14th > May > 2004 Archive

SGI logo hardware close-up

HP bags brace of service companies

HP has picked up a pair of consulting companies to build out its already swollen services practice.
Ashlee Vance, 14 May 2004

Yahoo! blasts back at Google

Yahoo! used its annual financial analyst day to announce an expanded email service. With Google's beta GMail service grabbing so much attention, Yahoo! will expand the amount of free storage to 100MB per user over the summer, and a rather vague promise of "unlimited" storage for paid users. GMail will offer 1GB of storage and a vastly superior search capability. 100 MB of storage in Yahoo! Mail currently costs $49 a year.
Andrew Orlowski, 14 May 2004

Google decides banner ads, skyscrapers are not evil

The company that helped discredit lurid web advertising has vowed to bring it back to life. In addition to offering advertisers text classifieds on websites that sign up to its Adsense program, Google will begin offer advertisers graphic ads for the first time. The four formats offered include banner and skyscraper: although they may not be quite what you expect. Google's "banners" are 728 by 90 pixels; that's twice the width of the masthead you see at the top of the page, but much thinner. You can read more here and here.
Andrew Orlowski, 14 May 2004

Linux fans never do any work

It was five years ago today...While the IT juggernaut continues to thunder along at breakneck speed, some things remain resolutely stationary. It's reassuring to know that there are certain immutables in this crazy, mixed-up world we live in:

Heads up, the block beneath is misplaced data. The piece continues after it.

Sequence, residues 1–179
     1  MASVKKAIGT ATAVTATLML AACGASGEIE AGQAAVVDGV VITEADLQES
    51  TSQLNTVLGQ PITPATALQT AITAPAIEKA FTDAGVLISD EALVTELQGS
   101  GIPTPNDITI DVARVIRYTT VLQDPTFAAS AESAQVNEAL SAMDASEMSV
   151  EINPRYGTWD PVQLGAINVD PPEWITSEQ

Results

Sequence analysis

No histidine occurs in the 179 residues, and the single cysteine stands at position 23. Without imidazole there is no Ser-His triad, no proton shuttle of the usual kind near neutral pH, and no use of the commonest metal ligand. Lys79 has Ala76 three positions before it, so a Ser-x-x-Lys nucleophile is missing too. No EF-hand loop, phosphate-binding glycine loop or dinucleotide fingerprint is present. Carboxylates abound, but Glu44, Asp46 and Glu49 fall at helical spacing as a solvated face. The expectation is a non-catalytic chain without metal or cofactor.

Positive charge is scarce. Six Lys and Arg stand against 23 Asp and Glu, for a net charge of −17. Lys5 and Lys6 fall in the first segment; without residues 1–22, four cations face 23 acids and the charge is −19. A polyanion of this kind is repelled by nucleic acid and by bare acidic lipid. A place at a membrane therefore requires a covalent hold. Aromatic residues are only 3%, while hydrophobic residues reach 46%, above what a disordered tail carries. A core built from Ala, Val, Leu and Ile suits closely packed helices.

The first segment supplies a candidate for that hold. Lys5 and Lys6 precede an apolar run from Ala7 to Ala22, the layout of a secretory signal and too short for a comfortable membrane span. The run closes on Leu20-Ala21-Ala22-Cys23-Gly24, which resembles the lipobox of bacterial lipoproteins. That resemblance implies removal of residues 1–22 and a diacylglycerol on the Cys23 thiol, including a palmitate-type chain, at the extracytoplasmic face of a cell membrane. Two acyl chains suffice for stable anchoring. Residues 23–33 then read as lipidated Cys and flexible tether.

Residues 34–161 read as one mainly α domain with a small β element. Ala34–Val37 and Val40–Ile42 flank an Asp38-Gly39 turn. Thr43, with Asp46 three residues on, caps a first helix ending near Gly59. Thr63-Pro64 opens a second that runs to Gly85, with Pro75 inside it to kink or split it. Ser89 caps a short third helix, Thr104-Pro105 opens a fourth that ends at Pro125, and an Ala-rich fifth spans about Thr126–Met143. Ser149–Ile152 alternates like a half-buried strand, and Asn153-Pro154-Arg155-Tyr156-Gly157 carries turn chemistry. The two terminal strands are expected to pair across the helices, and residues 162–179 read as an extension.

Team Register, 14 May 2004
Trophy. Image via Shutterstock

Adobe's Warnock awarded Lovelace Medal

Yesterday evening Dr John Warnock, co-founder of Adobe, was awarded the British Computer Society's Ada Lovelace Medal by BCS president Professor Wendy Hall CBE.
John Oates, 14 May 2004

How to fool ID card system - give a false ID, say UK gov

The UK ID card scheme will, it is alleged, greatly aid the forces of law and order in establishing the identity of offenders and suspects. But, as UK Attorney General Lord Goldsmith found himself blurting out in the House of Lords yesterday, there's an easy way out of this for the thinking minor offender - give the police a false ID.
John Lettice, 14 May 2004

Tiscali to flog four country ops

Tiscali today confirmed it is to sell of four of its country operations in a bid to concentrate on its core businesses.
Tim Richardson, 14 May 2004

Jilted lover jailed for email stalking

An Australian man has been jailed for three months for sending offensive emails and making abusive and threatening phone calls. Nicholas Stacey, of Torquay, Victoria pleaded guilty to stalking and using a carriage service (public network) to offend.
John Oates, 14 May 2004

Dabber exploits Sasser flaw

Virus writers have created a worm that exploits coding flaws in the infamous Sasser worm to spread.
John Leyden, 14 May 2004

US edges closer to private space flight

Burt Rutan and his SpaceShipOne team have taken another step towards claiming the $10m Ansari X-prize for the first private space vehicle.